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The workforce awaits

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Original linkOriginal author: agency andy

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This is not a New Yorker comic

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Original linkOriginal author: agency andy

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The Greenback New Deal

by Matt Bors

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Original linkOriginal author: The Nib

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The Kids Are Alright.

From Nomi Kane.

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Original linkOriginal author: The Nib

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When Your Valentine Has the Flu

by Gemma Correll

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Original linkOriginal author: The Nib

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The Climb (yeah I like Miley Cyrus What!!)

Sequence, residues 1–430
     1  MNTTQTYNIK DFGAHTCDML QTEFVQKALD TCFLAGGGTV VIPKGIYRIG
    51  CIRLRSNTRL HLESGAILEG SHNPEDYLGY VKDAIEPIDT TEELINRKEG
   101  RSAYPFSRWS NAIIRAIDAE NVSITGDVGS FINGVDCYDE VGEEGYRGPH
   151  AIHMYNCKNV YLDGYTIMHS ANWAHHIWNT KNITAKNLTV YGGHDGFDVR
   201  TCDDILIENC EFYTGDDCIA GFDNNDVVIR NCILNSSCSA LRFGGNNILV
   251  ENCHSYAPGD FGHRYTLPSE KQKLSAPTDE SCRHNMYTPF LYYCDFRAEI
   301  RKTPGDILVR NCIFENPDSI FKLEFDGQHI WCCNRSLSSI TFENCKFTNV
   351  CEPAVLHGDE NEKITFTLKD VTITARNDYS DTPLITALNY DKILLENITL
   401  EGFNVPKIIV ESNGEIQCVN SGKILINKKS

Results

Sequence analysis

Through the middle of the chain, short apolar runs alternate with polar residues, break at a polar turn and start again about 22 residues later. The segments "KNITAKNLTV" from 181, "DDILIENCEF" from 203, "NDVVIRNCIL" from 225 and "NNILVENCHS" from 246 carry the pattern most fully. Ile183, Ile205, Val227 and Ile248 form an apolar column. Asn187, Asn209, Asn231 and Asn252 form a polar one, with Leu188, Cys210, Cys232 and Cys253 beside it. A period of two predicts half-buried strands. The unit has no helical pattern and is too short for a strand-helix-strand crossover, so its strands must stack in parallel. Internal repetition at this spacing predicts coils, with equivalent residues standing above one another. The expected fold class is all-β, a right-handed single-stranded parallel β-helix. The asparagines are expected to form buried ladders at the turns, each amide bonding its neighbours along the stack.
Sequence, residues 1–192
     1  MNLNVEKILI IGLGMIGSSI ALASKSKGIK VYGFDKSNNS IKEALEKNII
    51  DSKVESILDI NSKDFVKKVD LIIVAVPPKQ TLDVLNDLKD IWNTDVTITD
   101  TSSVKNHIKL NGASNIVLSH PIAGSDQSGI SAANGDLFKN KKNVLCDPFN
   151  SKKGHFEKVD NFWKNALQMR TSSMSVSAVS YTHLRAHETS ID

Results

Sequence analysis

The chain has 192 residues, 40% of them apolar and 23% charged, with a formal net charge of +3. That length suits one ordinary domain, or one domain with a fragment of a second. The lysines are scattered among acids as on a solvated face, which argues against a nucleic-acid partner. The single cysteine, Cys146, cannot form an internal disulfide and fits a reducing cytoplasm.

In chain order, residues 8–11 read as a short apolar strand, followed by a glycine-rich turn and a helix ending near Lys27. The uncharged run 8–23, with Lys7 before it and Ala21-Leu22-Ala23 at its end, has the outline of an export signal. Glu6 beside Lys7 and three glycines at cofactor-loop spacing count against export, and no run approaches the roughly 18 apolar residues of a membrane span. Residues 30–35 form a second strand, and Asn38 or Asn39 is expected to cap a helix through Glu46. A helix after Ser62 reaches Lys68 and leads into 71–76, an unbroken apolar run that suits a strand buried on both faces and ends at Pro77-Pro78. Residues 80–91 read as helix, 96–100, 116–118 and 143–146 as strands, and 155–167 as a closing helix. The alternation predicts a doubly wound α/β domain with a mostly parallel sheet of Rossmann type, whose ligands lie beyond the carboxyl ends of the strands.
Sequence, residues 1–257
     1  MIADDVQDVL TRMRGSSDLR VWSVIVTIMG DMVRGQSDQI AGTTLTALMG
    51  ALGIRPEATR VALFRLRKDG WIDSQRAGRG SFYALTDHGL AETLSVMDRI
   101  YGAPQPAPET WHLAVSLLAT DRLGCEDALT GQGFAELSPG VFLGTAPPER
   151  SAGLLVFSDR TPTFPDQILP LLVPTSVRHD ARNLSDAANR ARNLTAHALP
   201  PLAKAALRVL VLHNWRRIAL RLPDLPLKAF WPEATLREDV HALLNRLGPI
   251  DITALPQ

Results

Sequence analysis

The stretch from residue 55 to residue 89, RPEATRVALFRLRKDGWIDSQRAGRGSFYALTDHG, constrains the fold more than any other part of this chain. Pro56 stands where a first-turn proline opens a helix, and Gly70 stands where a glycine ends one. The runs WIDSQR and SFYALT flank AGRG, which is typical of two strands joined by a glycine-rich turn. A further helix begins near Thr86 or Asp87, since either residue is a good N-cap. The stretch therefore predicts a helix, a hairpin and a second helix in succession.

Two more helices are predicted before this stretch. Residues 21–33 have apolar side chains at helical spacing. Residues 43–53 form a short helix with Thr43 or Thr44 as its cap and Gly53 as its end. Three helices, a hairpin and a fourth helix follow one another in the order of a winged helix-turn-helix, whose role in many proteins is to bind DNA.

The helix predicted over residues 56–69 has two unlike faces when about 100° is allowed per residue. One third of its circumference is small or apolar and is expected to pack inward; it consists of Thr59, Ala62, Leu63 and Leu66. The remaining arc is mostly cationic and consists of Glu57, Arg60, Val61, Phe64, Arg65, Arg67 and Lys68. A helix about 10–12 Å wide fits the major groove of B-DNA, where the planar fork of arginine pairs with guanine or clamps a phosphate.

The past two weeks have definitely put a damper on my ascension to an A in thermodynamics! The week before last I was plagued with a nasty flu that left me behind in work at my job, errands I needed to take care of, and most critical of all, homework assigned for the week. Granted, I wasn’t able to start it until Friday evening, at which point I threw in the towel after the blog. The week after, I was scheduled to go on a skiing vacation from Wednesday to Sunday. Still recovering from my illness I was unable to get any of the school work done before I left for the trip on Wednesday. The trip was an action packed nonstop routine of skiing promptly followed by drinking alcohol by the fire and eating a hearty dinner (I know poor me). Anyway that resulted in no homework submitted as well as no blog :( . Then I found out I scored a measly 79% on my first quiz. Oh the humanity! All I can say is I’m gonna strap down and F!#@ $!^& up! Get some! “You said you’re a fireman right?” “Yes, that is correct.” “Do you have two jobs, because my dad says you’re also a butt pirate”